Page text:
The problem with that “conventional” approach to the current problem (flooding the market to kill rivals) is that the US is undergoing an “unconventional” oil and gas revival based on technologies of the sort the world has never seen before, and which are getting better and more efficient by the day.
It is possible that long before OPEC can succeed in killing the US shale industry it will have killed a number of its own members, and done severe damage to the Russian economy.
A key factor in US unconventional oil production from shale and other “tight” rocks is that it is based on drilling substantially more production wells than those found in a conventional oilfield, with each unconventional well being relatively shallow, quick and cheap to drill, with a short life expectancy.
Shutting down unconventional wells will also be a quick, cheap and easy option with the highest cost wells shut-in first as low-cost wells continue to meet local demand in an energy-hungry US.
A key factor in understanding what’s happening is that the infrastructure to tap US unconventional oilfields will not disappear overnight, nor will the oil in the ground.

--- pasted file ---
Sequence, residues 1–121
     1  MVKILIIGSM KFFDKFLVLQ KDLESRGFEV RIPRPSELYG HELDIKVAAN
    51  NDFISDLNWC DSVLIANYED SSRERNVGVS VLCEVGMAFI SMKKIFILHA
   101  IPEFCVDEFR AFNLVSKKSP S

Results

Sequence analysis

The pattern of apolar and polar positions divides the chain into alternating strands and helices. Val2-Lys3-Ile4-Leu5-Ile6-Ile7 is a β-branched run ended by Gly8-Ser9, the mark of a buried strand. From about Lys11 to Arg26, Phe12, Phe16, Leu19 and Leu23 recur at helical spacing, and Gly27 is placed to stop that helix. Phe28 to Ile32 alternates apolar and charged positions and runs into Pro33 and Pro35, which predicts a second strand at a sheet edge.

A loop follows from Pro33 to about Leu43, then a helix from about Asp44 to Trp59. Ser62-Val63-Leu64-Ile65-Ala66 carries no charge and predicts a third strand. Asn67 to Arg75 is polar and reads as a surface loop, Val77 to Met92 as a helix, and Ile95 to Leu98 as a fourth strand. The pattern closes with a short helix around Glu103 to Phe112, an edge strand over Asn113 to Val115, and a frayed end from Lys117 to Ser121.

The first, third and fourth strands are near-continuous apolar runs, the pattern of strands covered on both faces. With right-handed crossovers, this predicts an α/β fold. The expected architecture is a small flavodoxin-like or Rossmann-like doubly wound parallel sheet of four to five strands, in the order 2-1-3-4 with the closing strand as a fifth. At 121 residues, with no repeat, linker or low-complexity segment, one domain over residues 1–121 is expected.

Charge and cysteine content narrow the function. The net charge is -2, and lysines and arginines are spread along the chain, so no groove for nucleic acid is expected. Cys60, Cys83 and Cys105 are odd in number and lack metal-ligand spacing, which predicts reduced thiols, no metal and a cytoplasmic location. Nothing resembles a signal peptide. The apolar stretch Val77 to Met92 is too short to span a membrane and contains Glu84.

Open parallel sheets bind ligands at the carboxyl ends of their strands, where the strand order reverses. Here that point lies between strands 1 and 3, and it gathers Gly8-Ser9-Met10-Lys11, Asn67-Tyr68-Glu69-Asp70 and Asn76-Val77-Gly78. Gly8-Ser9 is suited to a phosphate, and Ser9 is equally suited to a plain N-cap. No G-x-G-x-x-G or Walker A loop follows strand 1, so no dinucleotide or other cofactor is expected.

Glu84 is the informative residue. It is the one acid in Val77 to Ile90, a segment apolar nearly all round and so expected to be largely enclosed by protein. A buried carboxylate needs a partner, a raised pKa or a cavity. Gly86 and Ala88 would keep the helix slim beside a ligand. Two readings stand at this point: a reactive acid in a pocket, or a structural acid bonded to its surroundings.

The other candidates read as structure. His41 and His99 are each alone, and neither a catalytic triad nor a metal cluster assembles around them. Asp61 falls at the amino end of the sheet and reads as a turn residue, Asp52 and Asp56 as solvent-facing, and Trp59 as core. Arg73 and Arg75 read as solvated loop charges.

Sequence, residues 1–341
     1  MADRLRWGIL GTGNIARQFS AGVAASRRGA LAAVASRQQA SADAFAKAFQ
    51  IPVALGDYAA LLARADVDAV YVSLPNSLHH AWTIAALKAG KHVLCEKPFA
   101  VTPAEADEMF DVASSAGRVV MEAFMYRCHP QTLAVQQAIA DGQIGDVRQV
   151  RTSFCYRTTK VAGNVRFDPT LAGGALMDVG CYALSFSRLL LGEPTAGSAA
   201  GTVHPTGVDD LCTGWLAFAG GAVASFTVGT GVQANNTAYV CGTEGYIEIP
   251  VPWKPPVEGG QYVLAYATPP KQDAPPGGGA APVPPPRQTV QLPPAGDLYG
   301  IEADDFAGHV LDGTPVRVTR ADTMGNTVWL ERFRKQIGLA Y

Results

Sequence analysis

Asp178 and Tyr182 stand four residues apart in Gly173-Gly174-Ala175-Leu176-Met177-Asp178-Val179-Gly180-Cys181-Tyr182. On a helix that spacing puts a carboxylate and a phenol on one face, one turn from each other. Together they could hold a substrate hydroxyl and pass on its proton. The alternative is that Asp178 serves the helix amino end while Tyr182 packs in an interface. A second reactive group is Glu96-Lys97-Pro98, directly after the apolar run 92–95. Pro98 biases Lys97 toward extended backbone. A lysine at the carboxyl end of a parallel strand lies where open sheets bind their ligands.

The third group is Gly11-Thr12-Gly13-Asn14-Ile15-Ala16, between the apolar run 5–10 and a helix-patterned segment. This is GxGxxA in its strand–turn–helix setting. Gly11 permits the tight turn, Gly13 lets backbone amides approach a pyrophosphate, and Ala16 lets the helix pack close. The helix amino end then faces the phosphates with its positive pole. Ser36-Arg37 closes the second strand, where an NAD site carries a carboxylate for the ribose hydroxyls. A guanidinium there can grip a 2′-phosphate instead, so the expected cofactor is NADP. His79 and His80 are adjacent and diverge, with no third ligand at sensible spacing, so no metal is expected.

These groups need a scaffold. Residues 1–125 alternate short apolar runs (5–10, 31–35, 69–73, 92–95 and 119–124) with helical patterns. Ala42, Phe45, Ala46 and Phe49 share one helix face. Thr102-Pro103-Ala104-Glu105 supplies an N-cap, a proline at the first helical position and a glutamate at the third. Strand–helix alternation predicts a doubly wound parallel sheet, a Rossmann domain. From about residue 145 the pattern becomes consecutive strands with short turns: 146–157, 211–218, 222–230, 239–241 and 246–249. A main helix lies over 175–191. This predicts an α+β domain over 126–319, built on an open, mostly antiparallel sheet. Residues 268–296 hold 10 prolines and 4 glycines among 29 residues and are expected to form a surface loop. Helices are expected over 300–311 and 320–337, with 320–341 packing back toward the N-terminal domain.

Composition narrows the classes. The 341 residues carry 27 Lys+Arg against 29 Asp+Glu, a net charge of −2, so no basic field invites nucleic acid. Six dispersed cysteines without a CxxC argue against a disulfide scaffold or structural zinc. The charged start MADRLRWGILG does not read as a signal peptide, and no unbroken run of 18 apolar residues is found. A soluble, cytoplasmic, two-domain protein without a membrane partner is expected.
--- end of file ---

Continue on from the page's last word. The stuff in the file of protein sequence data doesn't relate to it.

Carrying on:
Quite simply, unconventional oil and gas is a new industry which might be in its infancy but it is here to stay.
Even if OPEC succeeds in driving the oil price down to $US40/bbl, and forces the capping of thousands of US shale wells, those same wells will be switched back on as soon as the oil price rises to an acceptable level which is believed to be around $US75/bbl.
Boiled down, it could be a very long time before the world sees oil back at $US100/bbl – and every time it gets close to that production will respond, and the price will be capped.
US shale production is seen as the world’s marginal source of oil, but it is also the oil which will force OPEC to live with a lower price for longer – as it will investors in ASX-listed oil stocks.